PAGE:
HM said arms, narcotics, fake currency notes are smuggled into India via the international border along NE as these areas remain un-policed.
New Delhi: Home Minister Rajnath Singh on Tuesday described religious radicalisation as a serious security threat and said if not checked in time, it could lead to terrorism.
Singh, who reviewed the security situation in the Northeast with chief secretaries and DGPs of the region in New Delhi, also expressed concern over the proliferation of illegal arms in the region and asked the police chiefs to launch organised campaigns against arms smugglers.
"If we talk about the future security threats, radicalisation has come as a huge security challenge. Radicalisation is a trans-national phenomenon. If we can't check it, it will turn into terrorism," he said at the meeting which was also attended by NSA Ajit Doval and other top security officials.
The home minister said because the Northeast was especially vulnerable to attempts of radicalisation, it was essential to identify those behind it. "Some of these agents are operating in the name of religion while some others are operating in the name of NGOs or carrying out development programmes for individuals, socio-culture uplift and education," he said.
Singh said it was necessary to monitor their activities and take pre-emptive action. "Some of these agents even get foreign funding. So it is necessary to closely monitor their foreign funding and utilisation," he said.
The home minister said though most of the Northeast was free from militancy, the proliferation of illegal arms was a problem that needed to be tackled. "The proliferation of illegal arms in such large numbers leads to more crimes. I urge the DGPs to launch an organised campaign against illegal arm traders," he said.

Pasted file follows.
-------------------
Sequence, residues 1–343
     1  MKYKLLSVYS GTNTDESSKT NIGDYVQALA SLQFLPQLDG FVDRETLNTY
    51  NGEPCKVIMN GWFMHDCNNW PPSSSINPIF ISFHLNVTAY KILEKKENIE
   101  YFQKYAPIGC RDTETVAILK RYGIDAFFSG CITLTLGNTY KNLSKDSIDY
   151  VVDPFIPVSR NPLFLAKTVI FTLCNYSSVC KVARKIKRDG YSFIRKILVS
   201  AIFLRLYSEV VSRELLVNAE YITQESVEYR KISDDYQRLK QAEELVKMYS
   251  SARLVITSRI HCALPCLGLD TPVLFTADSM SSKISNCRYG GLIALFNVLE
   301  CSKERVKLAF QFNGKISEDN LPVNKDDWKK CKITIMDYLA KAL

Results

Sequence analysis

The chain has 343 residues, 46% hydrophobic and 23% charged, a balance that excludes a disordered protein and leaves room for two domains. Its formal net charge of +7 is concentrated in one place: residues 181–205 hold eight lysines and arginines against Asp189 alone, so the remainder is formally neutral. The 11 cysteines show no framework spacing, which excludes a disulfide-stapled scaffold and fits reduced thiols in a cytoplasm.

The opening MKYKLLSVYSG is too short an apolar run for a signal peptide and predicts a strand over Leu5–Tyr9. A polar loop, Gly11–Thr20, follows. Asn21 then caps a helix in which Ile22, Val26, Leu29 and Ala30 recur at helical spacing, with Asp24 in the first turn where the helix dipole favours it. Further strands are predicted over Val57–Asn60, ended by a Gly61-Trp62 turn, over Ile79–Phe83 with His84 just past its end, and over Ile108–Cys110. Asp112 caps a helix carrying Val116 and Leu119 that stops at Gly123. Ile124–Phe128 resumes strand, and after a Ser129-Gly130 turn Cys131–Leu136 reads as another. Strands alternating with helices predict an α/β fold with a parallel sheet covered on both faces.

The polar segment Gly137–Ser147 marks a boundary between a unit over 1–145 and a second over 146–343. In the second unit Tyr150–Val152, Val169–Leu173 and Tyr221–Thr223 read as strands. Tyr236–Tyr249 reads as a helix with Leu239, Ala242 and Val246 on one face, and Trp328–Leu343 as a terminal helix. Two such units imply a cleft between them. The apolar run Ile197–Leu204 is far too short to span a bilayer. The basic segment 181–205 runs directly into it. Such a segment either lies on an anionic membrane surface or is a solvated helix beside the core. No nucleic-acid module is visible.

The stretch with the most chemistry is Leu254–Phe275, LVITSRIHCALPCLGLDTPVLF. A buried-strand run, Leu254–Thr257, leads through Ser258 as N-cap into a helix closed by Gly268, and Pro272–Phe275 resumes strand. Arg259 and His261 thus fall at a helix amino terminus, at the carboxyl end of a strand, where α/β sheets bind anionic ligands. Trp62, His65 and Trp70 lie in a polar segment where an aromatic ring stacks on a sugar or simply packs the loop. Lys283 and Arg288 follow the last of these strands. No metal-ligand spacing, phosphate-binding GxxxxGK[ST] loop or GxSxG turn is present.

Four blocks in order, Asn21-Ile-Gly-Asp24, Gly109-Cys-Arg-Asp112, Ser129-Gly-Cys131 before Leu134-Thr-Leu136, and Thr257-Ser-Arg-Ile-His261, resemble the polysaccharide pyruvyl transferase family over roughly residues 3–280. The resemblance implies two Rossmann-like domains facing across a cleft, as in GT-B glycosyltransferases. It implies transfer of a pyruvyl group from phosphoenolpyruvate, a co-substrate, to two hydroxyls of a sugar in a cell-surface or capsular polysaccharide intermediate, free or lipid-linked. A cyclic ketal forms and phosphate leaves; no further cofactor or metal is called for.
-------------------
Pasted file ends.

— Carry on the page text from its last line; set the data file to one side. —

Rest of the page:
Singh said arms, narcotics and fake Indian currency notes were being smuggled into India through the international border abutting the Northeast. "These borders are practically un-policed. There is need to set up more police stations on the border areas as these will check cross-border crimes and bring a sense of security to the people who live in these remote areas," he said.
The home minister, however, said there had been a significant improvement in the security situation in the Northeast in last few years. "Most of the areas are now free from insurgency and militants have been losing support even in the few pockets where they have influence," he said.
Singh said this had been made possible by effective counter-insurgency operations, a responsive development orientation and improved relations with neighbouring countries. "(But) in some areas, armed gangs are indulging in extortion, kidnapping and abduction in the name of militancy," he said.
The home minister also asked the police chiefs to ensure that surrendered militants staying in designated camps did not indulge in crime. "There is a need to keep all cadres of underground groups, which are engaged in peace talks with the government, in designated camps and ensure that they follow agreed ground rules. I am told some are involved in violent criminal activities such as extortion and kidnapping," he said.